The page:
After 30 years, Happy Crowd will hang up their socks
by Mick Rhodes | firstname.lastname@example.org
Kids, it’s been said, are the most brutally honest audience one can have.
They’ll let you know immediately whether they’re entertained. It’s a cold-blooded, near instant review, and the pint-sized critics do not suffer fools.
Hai Muradian knows a lot about this volatile dynamic. As the admittedly silly front man for the beloved children’s band The Happy Crowd, he’s spent 30 years getting enthusiastic thumbs up from untold thousands of kids and their parents.
Now, after three decades and dozens of Claremont concerts, the band is hanging up their happy socks and calling it quits, going out with what promises to be an emotional final concert Thursday, August 11 at Memorial Park.
The Happy Crowd is saying goodbye for a simple reason: at 72, Muradian is no longer physically capable of the highly animated, surprisingly athletic style of exaggerated live performance he’s always brought to the band. Plus, its members are also now scattered throughout the West Coast, making gigs not nearly as convenient as they once were.
“I can still do it, and I will do it on August 11,” Muradian told the COURIER. “But it’s not nearly as easy as it used to be. At 72, sometimes I have a hard time waking up!”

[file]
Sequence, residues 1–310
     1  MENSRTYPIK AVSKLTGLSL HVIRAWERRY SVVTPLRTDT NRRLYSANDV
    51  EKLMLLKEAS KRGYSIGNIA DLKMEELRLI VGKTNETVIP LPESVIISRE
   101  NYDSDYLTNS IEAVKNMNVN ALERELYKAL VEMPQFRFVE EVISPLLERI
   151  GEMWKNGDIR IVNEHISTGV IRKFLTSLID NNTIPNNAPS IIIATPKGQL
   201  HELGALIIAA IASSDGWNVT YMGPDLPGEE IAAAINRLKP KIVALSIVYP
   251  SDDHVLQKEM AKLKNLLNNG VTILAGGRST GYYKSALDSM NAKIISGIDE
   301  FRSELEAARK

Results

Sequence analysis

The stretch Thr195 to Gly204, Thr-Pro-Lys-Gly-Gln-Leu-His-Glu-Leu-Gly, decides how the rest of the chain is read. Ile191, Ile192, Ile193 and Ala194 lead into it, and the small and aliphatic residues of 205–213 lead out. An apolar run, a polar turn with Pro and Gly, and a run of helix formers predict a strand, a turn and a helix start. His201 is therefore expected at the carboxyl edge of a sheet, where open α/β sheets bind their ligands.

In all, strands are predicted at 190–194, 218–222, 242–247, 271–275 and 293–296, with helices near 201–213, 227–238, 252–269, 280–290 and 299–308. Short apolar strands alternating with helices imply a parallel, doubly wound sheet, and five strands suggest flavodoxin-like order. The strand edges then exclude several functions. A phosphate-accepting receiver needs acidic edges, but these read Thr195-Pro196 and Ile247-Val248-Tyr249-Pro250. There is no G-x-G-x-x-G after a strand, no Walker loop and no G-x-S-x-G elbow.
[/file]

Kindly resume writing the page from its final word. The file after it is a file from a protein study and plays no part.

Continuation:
Muradian has lived in Pomona for decades, but Claremont was where The Happy Crowd found its audience. Years ago, former mayor Sam Pedroza even proclaimed him an honorary Claremont citizen, complete with a key to the city, during a Fourth of July Happy Crowd performance at Memorial Park.
The band began in the early 1990s as “Rock-a-Daisical,” with Muradian, Steve Sturgis, Reggie Chavez, and David “Pope” Firman. Muradian was in his early 40s.
“The idea was we’d play old rock and roll, and kids would dance, and it would be really fun,” Muradian said. “The trouble was, trying to home in on their attention span — which is about 45 minutes — it wasn’t working. They were like, exhausted. They were laying on the floor panting after about 30 minutes of dancing nonstop.”
Then Firman moved to Kansas City and bassist Collie Coburn joined the band. He suggested the group write its own material. Soon after Muradian and Coburn began performing as a duo with a new name: The Happy Crowd.
The band spent its early gigs trying to figure out how to keep kids engaged. They were a quick study, and soon had a clutch of original songs.
“What I did, and what Collie did, was we looked to when we were kids,” Muradian recalled. “Even though we weren’t sure if it was going to relate, we thought, ‘What did we learn when we were children?’ Being nice to people, respecting people. My mom used to tell me, ‘Don’t dilly-dally. Come straight home.’ I wrote a song called ‘Don’t Dilly Dally.’ I wanted to use some of what I had as a kid.”
Others followed, including “Dreamland,” a lullaby; “Stretcheroo,” a song for kids to play when they’re waking up; “Mm-Hmm,” about parents glazing over as their toddlers talk incessantly in the car, as they tend to do; and what was perhaps their signature tune, “Happy Socks,” about wearing two different socks.
At their peak, from about 1995 to 2005, The Happy Crowd would draw 1,000 at their regular Memorial Park shows in Claremont and were playing weekly all around Southern California.